Treasury Today Country Profiles in association with Citi

ECR Research logo

Global market overview – April 2010

With speculation rife over the future of China’s currency, what are the wider-reaching implications for a revaluation of the yuan? In this month’s Market View, we examine the potential impact of yuan appreciation on the EUR/USD exchange rate.

The yuan and its implications for EUR/USD

Recently the question of whether – and if so, when – China will revalue its currency and what the implications for EUR/USD are, has been hotly debated. We believe that a revaluation could have major implications in China, but also that there may be important developments elsewhere that will affect the EUR/USD.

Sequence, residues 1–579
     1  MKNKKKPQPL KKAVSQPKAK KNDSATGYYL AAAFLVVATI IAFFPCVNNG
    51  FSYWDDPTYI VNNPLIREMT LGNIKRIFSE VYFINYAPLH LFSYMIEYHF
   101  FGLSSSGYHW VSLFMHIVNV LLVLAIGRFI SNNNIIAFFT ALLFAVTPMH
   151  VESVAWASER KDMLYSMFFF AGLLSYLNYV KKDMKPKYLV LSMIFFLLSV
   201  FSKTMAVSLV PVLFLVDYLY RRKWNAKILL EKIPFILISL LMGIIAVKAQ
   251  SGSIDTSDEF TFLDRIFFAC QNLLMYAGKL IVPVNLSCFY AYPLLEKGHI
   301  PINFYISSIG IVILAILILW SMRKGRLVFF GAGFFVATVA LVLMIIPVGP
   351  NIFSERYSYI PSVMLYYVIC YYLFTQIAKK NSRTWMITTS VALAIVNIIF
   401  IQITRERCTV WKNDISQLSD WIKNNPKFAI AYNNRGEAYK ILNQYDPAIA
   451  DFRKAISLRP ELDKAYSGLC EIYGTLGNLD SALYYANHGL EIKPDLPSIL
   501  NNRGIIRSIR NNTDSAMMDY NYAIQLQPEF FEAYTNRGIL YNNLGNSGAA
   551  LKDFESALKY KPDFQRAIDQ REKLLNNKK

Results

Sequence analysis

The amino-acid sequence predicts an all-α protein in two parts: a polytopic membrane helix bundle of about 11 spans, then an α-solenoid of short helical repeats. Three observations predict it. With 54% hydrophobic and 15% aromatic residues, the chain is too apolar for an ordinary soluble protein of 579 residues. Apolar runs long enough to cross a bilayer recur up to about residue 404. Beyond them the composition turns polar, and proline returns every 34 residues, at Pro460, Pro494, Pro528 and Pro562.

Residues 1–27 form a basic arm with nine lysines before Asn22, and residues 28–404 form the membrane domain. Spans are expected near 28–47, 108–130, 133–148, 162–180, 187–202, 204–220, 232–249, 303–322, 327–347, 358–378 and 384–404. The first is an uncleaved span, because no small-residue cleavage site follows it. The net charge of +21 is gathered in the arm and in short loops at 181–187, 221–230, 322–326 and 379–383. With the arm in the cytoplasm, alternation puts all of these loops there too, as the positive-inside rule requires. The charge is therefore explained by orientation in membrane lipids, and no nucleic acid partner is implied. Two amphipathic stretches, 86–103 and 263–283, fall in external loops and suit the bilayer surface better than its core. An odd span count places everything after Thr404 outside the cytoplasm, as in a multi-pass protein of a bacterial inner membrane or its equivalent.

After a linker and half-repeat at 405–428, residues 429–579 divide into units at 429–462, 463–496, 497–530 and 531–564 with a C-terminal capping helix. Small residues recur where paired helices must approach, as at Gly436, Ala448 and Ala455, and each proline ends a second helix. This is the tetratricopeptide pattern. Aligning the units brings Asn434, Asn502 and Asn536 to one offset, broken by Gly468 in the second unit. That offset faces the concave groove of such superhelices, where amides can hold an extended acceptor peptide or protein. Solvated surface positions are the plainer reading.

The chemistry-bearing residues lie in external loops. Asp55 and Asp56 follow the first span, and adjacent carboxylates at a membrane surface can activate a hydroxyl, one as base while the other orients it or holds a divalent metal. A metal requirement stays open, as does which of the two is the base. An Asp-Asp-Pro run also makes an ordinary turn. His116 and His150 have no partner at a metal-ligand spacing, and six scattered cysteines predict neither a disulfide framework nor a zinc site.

Chart 1: After having adopted a managed float since 2005, China reintroduced the dollar peg in 2008
Chart 1: After having adopted a managed float since 2005, China reintroduced the dollar peg in 2008

Source: Reuters EcoWin/ECR

After having moved its fixed exchange rate regime, or ‘dollar peg’, into a managed floating one in 2005, the Chinese authorities have reintroduced the peg ‘unofficially’ since the economic downturn of 2008, albeit at a lower USD/CNY exchange rate. By buying US dollars and selling Chinese yuan for amounts equal to the level of capital inflows, the People’s Bank of China (PBoC) keeps the yuan artificially low against the US dollar. In doing so, it attemps to maintain exports at high levels in order to fight the risk of unemployment caused by the worldwide economic and financial crisis.